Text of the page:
Chinese national sentenced to prison for dealing in counterfeit merchandise
U.S. Attorney Michael Shelby announced on Feb. 16, 2005, that Zheng Xiao Yi, a citizen of the Peoples Republic of China who owned and operated an import and wholesale business in the Harwin Drive area of Houston, has been sentenced to more than five years in federal prison for trafficking in counterfeit goods.
At a hearing held Feb. 14, 2005, Yi was sentenced to serve a total of 63 months in federal prison for trafficking in counterfeit merchandise illegally imported from China. Zheng also faces deportation upon his release from prison.
Zheng, the owner of XYZ Trading Corp., located at 7018 Harwin Drive, Houston, Texas, was convicted in July 2004 following a jury trial of six counts of trafficking and attempting to traffic in merchandise imported from China carrying counterfeit trademarks.
The counterfeit trademarks were identical with or substantially indistinguishable from genuine trademarks registered to Underwriters Laboratories Inc., The Gillette Company, Marvel Enterprises, Inc. and Nike, Inc., including extension cords and power-strips, Duracell batteries and flashlights, Spider-Man figures, and Nike slippers.
The jury's verdicts were returned following a four-day trial during which the United States proved that Zheng trafficked in counterfeit goods imported from China between August 2003 and November 2003.
Testimony during the trial established that a load of Zheng's merchandise was seized in August 2003 after inspectors noticed that the contents of a container shipped from China to XYZ Trading Corp. did not match the packing list.
Thereafter, the U.S. Bureau of Immigration and Customs Enforcement initiated an investigation that resulted in the seizure of a second container and the execution of a search warrant on Nov. 7, 2003, at Zheng's place of business.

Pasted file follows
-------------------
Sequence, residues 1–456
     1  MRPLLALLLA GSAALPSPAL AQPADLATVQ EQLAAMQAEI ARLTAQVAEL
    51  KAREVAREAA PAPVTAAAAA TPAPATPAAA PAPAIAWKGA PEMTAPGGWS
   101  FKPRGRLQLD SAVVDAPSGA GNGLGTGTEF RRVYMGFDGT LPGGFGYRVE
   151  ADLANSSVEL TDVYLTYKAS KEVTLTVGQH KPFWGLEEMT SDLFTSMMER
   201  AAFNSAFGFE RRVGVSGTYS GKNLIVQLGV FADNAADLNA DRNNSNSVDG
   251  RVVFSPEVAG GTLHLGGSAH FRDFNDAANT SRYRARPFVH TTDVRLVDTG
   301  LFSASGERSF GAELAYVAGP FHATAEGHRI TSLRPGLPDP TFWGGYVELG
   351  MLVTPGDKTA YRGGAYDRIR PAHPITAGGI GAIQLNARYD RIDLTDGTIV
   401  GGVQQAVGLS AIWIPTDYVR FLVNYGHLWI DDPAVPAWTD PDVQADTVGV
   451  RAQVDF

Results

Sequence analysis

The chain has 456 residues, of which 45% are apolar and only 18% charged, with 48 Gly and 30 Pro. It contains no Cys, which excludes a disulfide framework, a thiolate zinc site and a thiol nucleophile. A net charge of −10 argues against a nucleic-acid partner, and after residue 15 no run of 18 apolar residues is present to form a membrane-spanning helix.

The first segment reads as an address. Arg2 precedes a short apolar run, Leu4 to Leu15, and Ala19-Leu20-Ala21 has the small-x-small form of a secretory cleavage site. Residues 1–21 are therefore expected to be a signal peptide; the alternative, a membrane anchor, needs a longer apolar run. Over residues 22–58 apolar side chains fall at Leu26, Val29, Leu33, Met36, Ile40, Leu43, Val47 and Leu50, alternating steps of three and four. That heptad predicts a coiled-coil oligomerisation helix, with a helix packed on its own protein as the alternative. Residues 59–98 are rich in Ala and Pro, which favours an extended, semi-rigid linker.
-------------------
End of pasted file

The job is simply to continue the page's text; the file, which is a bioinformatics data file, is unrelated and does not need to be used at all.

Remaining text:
The jury found Zheng had imported over $300,000 worth of counterfeit goods, including electrical extension and power cords that bore counterfeit UL certification Marks, counterfeit Duracell batteries, Spider-man toys, and Nike sandals. In addition to convicting Zheng, the jury also found Zheng had substantially harmed the reputations of UL, Gillette, Marvel and Nike by trafficking in counterfeit versions of their trademarked products.
Additionally, after testimony established that the electrical cords seized from Zheng failed to pass the Underwriters Laboratories Inc. tests required to earn UL certification and videotape clips showing the counterfeit cords sold by Zheng bursting into flames when tested under household conditions, the jury found that by selling counterfeit UL extension cords, Zheng had consciously and recklessly ignored the risk of serious bodily injury to the public.
The jury also heard evidence that Zheng attempted to bribe his way to freedom after being placed in custody.
(submitted by Tony Moscioni)